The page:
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story.lead_photo.caption In this May 23, 2019 file photo, tornado damage is seen in Jefferson City, Mo. (AP Photo/Jeff Roberson, File)

A group of organizations has gathered to offer community discussions intended to give people the tools they need to cope with trauma associated with recent Mid-Missouri disasters.

SSM Health Care's Outpatient Behavioral Health, Capital Region Physicians Center for Mental Wellness, Catholic Charities of Central and Northern Missouri, the Anne Marie Project, Compass Health Network, Community Health Center of Central Missouri and the United Way of Central Missouri are to host "Coping with Disaster."

The program, given by Josh Varner, a social/emotional counselor and coach, is intended to help people come to terms with trauma and post traumatic stress, and to promote their mental wellness after flooding and the May 22 tornado that struck Central Missouri.

It will be offered 5:30-7 p.m. July 18 at the Jefferson City Area YMCA, Knowles Center Annex Building, 424 Stadium Blvd.; and 5:30-7 p.m., July 19, at Eldon High School, 101 S. Pine St.

Free child care will be provided.

"When this happened, a couple of people reached out to me," Varner said. "A lot of these different agencies were talking about doing their own things. I said, 'Let's roll this into one event.'"

After almost two months, organizers said, disaster victims should hopefully be getting most of their physical needs met.

"And, we thought it was time to begin to meet their mental health or emotional needs," Varner said. "We recognize there is a big need."

For the most part, people the tornado displaced have found housing, said Laurel Kramer, a psychologist at the St. Mary's Hospital outpatient behavioral health clinic. It's four to five weeks after the storm, and the shock has worn off.

People are still dealing with the daily phone calls and communications, trying to get their lives back in order. Before you know it, she said, the added stress of preparing children to go back to school will also be on parents' shoulders.

"Now is when the long haul is going to set in," Kramer said. "People realize all these things they've lost. At this point in time, we're seeing more depression and anxiety."

Families are simply trying to regroup, she said.

"The help that was in their faces is not as easy to access now," Kramer said. "People are getting back to 'normal' living and realizing that this is going to be months."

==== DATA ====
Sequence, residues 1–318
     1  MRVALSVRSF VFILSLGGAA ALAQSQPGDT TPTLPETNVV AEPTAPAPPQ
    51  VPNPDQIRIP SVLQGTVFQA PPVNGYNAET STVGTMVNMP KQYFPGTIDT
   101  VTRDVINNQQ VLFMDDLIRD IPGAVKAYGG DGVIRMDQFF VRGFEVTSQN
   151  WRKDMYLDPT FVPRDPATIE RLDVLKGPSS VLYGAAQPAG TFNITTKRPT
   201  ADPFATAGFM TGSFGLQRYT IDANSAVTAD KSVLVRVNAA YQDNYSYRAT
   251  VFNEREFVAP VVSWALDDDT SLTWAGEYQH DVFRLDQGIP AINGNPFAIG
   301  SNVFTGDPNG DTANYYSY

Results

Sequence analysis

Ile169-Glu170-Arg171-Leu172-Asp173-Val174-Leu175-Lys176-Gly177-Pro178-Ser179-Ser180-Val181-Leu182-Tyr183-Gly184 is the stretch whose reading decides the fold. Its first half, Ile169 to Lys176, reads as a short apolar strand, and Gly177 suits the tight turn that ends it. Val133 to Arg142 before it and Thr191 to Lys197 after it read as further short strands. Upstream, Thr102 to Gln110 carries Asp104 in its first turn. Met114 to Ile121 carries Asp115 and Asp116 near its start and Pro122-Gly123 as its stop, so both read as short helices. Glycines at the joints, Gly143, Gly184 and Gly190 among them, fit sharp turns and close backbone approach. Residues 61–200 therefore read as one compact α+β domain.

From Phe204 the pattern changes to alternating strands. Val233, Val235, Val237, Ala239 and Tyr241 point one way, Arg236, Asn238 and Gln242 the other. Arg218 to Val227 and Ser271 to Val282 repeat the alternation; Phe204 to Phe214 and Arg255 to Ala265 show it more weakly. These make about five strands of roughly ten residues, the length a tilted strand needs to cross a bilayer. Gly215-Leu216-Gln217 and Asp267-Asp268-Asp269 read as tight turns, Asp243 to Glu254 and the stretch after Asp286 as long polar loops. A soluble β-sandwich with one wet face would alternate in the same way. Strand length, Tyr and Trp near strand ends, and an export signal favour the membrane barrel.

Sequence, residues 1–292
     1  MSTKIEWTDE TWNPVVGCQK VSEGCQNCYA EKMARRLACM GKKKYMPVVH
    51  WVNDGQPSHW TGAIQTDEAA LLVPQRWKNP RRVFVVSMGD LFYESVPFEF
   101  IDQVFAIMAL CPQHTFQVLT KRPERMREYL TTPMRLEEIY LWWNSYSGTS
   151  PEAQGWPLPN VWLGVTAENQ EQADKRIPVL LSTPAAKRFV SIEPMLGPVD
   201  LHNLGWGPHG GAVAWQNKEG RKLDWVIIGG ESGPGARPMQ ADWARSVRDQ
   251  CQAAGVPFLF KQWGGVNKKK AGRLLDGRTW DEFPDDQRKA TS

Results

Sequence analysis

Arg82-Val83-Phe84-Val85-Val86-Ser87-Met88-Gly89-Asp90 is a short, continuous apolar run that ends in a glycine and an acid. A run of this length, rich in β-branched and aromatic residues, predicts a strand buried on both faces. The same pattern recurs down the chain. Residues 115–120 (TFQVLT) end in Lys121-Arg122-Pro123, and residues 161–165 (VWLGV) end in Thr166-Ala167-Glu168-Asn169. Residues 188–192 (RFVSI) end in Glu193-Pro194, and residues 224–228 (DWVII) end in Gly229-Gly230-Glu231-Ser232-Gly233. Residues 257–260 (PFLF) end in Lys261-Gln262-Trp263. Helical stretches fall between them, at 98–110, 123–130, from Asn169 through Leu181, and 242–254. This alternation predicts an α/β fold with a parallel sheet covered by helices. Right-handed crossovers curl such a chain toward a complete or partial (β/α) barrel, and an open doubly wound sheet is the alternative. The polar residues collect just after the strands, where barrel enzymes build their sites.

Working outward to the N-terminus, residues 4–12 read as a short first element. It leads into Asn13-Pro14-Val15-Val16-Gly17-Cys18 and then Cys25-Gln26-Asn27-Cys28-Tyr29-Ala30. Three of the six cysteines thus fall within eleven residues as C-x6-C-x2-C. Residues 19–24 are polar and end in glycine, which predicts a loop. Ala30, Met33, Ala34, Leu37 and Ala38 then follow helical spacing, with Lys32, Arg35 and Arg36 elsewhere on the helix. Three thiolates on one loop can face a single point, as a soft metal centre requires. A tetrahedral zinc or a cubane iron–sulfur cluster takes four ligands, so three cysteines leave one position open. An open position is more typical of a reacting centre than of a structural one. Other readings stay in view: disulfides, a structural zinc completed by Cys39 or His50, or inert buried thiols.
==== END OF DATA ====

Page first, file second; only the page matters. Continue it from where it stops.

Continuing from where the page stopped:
For the most part, the tornado affected the poorest communities in Jefferson City, said Julie Gramlich, youth minister for Cathedral of St. Joseph Parish and founder of the Anne Marie Project, which is intended to help young people face their challenges.

"I know a young girl whose house (the tornado) went over," Gramlich said. "She went to the basement with her dad. Now, she's struggling with loud noises and anxiety."

Other people have said they never heard anything like the sound the twister made that late night, Gramlich added.

"Our young people, for the most part, are dealing with displacement — or with a sense of displacement," she said.

Others, including adults, are dealing with depression.

They are probably isolating themselves, although they shouldn't be, she said.

"They don't want to talk about (the tornado)," Gramlich said. "They want to forget. They need to be able to talk about it — without necessarily reliving it."

If someone talks about what's bothering them in the correct environment, they can gain a sense of letting go of the issue, Gramlich said.

Organizers hope to give folks a sense of how to talk about the disasters.

The seminars are open to the public, and meals will be served.

Organizers anticipate people from a wide range of backgrounds are going to attend. If they don't need the service directly, attendees should be able to take home knowledge to share with somebody else they may know who underwent trauma.

St. Mary's Foundation Director Bev Stafford said the group hopes to help people eliminate "long-term stress."

The July discussions will be given in three-part presentations, Varner said.

Each discussion will begin with a look at what trauma is and how to prevent it. From there, Varner will discuss how people's bodies respond to trauma and what it does to their behavior. Finally, he and organizations at the event will provide tools to attendees, so they may be able to help somebody else or at least point them to resources that are available.

Additionally, organizers are trying to put together a child-appropriate program that would take place at the same time. That program has not been confirmed yet.

A child program has been conducted in Jefferson City in the past. During the Flood of 1993, Varner said, organizers offered a presentation with puppets. It looked at what they went through, how they felt and what they were doing following the floods.

"It would be so a 4-year-old or 5-year-old can process what happened," Varner continued. "I would love it if they had their own event."

A goal for the July events is to get victims and their family members involved in emotional health recovery.

The group is already planning for follow-up meetings — to occur periodically — and hopes to have an event a year after the disasters.

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